Hoping, as usual, that next year will be better
By Alan Wheatley
LONDON (Reuters) - Like winemakers consoling themselves after a poor vintage, economists are putting a disappointing 12 months behind them and hoping that 2014 will be a better year for global growth.
A lively debate over whether developed economies face a 'permanent slump' has sprung up since former U.S. Treasury Secretary Larry Summers argued recently that deeply negative inflation-adjusted interest rates may be needed in a world facing 'secular stagnation'.
But someone forgot to pass on the gloomy prognosis to the research departments of big banks, which are busy bombarding clients with their investment outlooks for the year ahead.
With fiscal drag fading, monetary policy ultra-loose and credit conditions gradually easing, many of them reckon rich countries will outpace emerging economies in 2014.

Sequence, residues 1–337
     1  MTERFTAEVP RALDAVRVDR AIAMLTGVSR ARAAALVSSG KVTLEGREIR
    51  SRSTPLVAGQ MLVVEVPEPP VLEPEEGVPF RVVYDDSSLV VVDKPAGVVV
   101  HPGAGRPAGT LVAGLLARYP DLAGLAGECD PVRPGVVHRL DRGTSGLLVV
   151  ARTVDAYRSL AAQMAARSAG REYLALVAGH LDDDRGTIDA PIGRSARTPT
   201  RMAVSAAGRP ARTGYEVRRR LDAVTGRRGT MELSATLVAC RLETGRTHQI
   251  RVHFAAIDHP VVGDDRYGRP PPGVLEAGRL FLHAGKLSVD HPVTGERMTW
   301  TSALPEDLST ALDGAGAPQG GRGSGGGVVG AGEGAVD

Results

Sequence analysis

Credit Suisse expects global growth to improve to 3.7 percent from 2.9 percent this year, which is down on the 2012 rate of 3.1 percent.
"We think that pick-up will be more concentrated in developed market economies, especially Europe and also somewhat in the U.S.," said Neil Soss, the Swiss bank's chief economist in New York.
He expects rich countries to almost double their growth rate to 2.1 percent. Emerging market growth should quicken to 5.3 percent from 4.7 percent, but the growth gap between the two will be the narrowest since 2002, Credit Suisse believes.
FORECASTING AS A PACK Continued...